11/11/14 – Paradise Rock Club

Based on the outfits of the band on stage, you’d think you were at the starting line of a color run 5K. White t-shirts, white button-downs, white pants—the guys of Caribou looked like they were just begging to get splashed in rainbow corn starch. In fact, the get-up was almost too clean, too simplistic for a band that deals in complex hues, textures, and layers. (Dan Snaith once said, “The thing that makes life interesting is how textured it is.”) It’s a shame the bouncers weren’t handing out color packets at the door.

But it turns out color packets weren’t necessary (although it would have made for quite the spectacle at the Paradise). Before launching into title track “Our Love,” Snaith slipped off his Adidas sneakers, revealing a pair of mismatched socks—one yellow and the other purple. Caribou then began to color in the blank slate that was their all-white attire, tie-dying the air in sound with each new track. With the album art for 2014’s Our Love draped in the background—featuring splotches of primary colors blending into one other—our vision gradually turned to a psychedelic tint.

Admittedly, it took some time to get there. The first thing any devout Caribou fan will notice is that, live, his songs pack a different kind of punch. Although not strictly a bad thing, it certainly takes some getting used to. Snaith has added three band members to the bill for the tour—guitarist/keyboardist Ryan Smith, bassist John Schmersal, and drummer Brad Weber—giving the arrangements an interesting rock twist. Think louder and heavier. The show felt less like a wade through gentle waters and more like a full-blown sea expedition in Wes Anderson’s The Life Aquatic.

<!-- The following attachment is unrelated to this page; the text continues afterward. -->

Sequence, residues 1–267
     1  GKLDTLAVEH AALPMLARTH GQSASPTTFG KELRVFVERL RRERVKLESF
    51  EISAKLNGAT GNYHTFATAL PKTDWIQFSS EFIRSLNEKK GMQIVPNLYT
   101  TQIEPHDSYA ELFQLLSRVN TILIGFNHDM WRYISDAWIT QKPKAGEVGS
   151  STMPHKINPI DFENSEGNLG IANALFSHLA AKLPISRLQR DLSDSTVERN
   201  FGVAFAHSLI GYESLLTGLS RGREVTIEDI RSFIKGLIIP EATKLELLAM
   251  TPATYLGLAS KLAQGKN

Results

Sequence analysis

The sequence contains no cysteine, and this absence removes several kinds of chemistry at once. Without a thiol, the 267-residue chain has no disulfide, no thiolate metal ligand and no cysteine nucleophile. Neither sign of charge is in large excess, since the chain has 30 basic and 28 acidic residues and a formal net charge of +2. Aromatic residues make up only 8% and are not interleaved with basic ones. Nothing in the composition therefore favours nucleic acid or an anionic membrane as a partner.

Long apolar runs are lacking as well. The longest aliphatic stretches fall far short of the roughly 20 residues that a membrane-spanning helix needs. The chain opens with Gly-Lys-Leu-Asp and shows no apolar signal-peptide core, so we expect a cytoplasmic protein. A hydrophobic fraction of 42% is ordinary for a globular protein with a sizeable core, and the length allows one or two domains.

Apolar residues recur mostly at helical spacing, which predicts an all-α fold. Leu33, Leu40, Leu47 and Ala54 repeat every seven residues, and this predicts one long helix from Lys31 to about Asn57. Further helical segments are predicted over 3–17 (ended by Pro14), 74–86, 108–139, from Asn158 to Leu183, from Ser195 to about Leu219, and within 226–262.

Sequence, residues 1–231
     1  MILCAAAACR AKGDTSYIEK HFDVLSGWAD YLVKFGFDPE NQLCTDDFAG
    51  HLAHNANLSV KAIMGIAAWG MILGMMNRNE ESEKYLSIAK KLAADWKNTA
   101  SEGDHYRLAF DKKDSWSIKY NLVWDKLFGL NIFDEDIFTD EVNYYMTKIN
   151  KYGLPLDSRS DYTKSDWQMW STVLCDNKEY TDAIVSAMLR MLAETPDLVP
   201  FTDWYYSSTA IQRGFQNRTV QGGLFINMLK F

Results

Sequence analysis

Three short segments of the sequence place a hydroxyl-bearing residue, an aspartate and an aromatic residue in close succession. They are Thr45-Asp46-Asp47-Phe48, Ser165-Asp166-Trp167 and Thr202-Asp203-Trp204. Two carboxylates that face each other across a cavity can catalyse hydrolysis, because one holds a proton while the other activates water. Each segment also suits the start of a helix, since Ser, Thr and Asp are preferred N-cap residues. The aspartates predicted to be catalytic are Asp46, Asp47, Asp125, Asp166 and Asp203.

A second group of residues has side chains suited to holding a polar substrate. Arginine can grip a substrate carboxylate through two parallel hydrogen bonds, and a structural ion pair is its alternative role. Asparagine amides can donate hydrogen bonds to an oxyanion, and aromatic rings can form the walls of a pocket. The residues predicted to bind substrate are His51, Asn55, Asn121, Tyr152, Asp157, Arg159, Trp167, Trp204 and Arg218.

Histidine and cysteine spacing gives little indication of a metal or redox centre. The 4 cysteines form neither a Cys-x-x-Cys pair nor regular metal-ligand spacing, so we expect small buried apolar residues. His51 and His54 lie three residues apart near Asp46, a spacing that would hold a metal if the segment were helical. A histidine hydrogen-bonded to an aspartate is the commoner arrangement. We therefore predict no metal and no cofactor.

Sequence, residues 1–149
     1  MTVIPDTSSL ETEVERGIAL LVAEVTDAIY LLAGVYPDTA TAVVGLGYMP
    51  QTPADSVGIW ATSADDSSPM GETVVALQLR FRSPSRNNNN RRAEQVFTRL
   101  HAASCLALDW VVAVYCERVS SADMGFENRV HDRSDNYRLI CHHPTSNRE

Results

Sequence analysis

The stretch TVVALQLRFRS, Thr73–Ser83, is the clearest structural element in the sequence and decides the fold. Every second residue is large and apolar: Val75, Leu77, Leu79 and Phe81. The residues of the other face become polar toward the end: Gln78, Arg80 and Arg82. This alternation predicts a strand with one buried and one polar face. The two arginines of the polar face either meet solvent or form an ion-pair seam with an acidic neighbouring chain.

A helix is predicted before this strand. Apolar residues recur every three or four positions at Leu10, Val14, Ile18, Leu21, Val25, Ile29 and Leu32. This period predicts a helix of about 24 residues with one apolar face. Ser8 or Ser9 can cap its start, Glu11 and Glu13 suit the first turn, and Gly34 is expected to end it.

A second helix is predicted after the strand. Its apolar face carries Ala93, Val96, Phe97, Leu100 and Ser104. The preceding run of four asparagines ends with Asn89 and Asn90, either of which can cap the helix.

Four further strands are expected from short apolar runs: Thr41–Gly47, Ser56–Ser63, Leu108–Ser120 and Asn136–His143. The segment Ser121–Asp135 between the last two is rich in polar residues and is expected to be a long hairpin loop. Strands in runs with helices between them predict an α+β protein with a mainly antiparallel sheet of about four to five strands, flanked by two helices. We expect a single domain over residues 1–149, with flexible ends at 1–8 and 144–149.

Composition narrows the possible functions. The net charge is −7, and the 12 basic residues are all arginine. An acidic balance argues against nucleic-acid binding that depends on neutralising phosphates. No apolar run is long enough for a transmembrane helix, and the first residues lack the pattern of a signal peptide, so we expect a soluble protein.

And when it worked, it was hypnotic. Splitting guitar feedback paired with bubbling electro explosions and clubby grooves made the songs just as danceable as ever, and extended versions of tracks like “Sun” rendered time meaningless as bodies flailed to the beat. Weber’s drumming, in particular, was a plus of the live arrangements. Occasionally joined by Snaith on second drums (who would oh-so-casually prop his feet on the top rim of the kick drum while he wasn’t playing), Weber attacked his instrument with precision and spontaneity, one moment pointing a single drumstick in the air and the next slapping away like a human electronic drum machine. On “All I Ever Need” and “Back Home,” he was the centerpiece, adding in extra drum rolls and clashes in unexpected places.

Yet sometimes the heaviness and exhilarating chaos came at the cost of clarity. Some of the most eargasmic moments on the records didn’t translate live, and Snaith’s vocal lines were often drowned out by the noise. If the studio versions were trance-inducing, the live renditions were sometimes less so: Our Love stand-out track “Silver,” for example, seemed a bit disjointed, lacking the smooth, melodic pulse characteristic of the recording.

Still, it’s impressive that Snaith has been able to bring his one-man project to the stage, and in full color. It’s one thing to blast Caribou through your earbuds, letting the endless looping engulf you into your own little world, but it’s quite another to experience his work in person. Forget the mismatched socks—Snaith’s a master at what he does.

Flying Colors: Caribou
Pros
  • Extended versions of songs
  • The bad-ass drummer
  • Good mix of old and new tracks
Cons
  • Some melodies lost in the noise
  • Limited interaction with the audience
  • Could have been more creative with lighting & visuals
8.2Overall Score

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